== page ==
Working holiday


A shiny new apartment block with luxury flats for sale sprouted up next to the bus-stop I get off for work. The Tesco’s I drop into every morning to grab a bottle of water had completely changed their store layout. My desk was moved into another office unit, so I am now in my third office in the same number of years I’ve been working here.

I felt single and childless when I was at work, just like how it was when I first started. It was a bit hard to imagine there REALLY was a 2-ft little man driving mad my shrivelled old man at home while I bashed out emails at my desk. I answered the occasional phone call, replied to my emails, chatted to colleagues at break, enjoyed an unhurried lunch. Oh my goodness, why didn’t anyone tell me work was really a holiday as compared to being a Mummy?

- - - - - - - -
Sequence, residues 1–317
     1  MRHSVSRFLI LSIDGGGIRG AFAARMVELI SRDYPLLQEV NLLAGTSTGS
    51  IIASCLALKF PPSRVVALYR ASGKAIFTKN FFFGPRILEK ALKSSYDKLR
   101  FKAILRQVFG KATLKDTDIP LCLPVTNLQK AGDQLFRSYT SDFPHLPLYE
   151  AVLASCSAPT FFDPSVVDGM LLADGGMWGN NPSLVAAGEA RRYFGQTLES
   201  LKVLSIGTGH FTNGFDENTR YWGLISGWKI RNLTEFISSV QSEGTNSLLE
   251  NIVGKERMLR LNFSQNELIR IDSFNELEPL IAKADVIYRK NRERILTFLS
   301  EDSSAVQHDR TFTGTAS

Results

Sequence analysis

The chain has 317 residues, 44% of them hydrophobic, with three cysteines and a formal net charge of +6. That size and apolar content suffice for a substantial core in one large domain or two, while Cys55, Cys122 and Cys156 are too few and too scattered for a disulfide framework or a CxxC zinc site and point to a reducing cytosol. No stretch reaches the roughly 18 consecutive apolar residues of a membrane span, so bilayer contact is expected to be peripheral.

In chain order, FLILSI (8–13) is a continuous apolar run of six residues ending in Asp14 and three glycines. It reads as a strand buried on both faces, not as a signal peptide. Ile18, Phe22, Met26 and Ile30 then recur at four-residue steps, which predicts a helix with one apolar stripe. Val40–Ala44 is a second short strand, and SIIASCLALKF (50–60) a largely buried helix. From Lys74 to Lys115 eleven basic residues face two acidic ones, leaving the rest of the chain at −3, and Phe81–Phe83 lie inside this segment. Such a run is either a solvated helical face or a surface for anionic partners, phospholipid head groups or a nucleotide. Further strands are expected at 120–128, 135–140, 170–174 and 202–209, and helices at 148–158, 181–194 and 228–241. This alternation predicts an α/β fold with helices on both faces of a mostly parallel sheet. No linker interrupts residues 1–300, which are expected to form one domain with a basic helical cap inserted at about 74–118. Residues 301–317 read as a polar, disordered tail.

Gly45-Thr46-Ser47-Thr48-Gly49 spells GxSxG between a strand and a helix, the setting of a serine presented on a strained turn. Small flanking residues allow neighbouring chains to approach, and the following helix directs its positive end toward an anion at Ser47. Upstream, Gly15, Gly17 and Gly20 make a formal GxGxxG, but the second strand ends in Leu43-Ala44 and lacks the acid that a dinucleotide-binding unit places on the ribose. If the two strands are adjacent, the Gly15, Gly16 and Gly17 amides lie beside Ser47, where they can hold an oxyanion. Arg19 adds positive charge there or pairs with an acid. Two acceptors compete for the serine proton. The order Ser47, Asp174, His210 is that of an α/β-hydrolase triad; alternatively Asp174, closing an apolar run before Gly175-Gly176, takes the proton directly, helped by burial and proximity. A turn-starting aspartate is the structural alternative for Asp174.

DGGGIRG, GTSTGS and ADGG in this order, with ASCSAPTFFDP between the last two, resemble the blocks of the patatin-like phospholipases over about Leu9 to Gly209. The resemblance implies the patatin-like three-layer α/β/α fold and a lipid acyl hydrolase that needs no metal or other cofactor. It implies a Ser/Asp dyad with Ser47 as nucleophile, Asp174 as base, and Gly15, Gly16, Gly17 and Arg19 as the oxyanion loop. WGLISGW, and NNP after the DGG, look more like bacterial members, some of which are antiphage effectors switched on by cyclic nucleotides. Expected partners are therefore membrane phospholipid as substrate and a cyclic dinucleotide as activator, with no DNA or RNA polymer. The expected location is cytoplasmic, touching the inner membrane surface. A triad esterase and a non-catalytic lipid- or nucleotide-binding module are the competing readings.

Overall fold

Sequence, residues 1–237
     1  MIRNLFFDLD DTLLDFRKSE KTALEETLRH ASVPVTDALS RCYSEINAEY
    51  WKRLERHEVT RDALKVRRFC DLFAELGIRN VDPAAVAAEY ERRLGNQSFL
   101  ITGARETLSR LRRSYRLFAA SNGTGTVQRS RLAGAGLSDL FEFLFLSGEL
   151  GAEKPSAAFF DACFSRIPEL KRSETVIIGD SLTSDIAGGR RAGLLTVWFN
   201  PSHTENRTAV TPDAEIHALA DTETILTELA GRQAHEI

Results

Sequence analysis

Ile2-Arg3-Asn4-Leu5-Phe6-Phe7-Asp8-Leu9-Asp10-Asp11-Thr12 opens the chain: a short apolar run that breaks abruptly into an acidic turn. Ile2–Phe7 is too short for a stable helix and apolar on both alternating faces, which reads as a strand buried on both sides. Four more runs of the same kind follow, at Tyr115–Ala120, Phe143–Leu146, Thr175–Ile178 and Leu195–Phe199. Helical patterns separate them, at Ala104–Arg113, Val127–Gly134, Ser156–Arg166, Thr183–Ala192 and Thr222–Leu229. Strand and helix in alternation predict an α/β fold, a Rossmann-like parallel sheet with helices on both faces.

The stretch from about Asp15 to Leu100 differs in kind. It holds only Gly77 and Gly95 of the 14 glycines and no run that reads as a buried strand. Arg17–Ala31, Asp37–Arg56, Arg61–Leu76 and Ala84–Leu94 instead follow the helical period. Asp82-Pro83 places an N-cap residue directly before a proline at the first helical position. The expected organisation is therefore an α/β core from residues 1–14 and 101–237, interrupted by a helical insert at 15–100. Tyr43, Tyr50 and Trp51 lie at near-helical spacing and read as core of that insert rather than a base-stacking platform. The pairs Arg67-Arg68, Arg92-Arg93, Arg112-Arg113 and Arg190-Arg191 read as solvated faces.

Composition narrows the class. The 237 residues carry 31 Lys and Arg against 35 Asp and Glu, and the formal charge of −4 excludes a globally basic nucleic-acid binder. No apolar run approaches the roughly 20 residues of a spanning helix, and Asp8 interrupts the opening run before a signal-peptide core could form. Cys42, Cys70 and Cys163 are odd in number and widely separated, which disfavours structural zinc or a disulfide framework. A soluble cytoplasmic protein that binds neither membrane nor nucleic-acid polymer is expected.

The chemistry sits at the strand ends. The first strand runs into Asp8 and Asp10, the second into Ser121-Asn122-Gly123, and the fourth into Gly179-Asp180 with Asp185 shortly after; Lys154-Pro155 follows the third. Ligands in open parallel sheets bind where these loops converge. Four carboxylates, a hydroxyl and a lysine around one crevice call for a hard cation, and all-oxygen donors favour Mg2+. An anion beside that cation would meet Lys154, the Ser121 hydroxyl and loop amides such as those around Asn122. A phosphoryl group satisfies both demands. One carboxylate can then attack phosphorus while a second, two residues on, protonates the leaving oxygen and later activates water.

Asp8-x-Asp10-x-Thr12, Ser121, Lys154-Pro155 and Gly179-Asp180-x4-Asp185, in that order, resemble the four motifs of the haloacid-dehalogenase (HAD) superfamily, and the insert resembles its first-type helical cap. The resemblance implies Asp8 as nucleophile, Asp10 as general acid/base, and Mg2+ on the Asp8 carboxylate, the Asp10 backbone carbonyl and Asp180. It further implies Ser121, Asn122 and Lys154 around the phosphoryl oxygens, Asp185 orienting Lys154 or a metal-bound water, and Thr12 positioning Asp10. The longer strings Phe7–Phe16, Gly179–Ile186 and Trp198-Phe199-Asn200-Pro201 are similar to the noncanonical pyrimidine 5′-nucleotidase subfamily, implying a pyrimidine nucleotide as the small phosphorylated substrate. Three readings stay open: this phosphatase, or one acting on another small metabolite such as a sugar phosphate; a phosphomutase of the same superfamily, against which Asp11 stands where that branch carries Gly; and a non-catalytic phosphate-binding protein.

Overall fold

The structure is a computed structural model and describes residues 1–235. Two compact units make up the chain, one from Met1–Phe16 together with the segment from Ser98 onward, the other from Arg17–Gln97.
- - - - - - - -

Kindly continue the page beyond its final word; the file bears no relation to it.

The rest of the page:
I ended my first day with a long, catch-up meeting with my line manager, who sat at the table to fill me in on all the updates over the nine months I’d been gone. It took three hours. When I first joined we were a five-people outfit, crammed in a tiny messy unit and we’d just been awarded this four-year million-pound government project. Three years on we occupy all the units on the top floor of the office block, got on our plate another million-pound government project, bullied/threatened the council into building extra toilets on our floor.

I felt rather overwhelmed at the end of my day. It felt like my first day all over again, except I already knew everybody in the office.

Explore posts in the same categories: Drama, Family, Work

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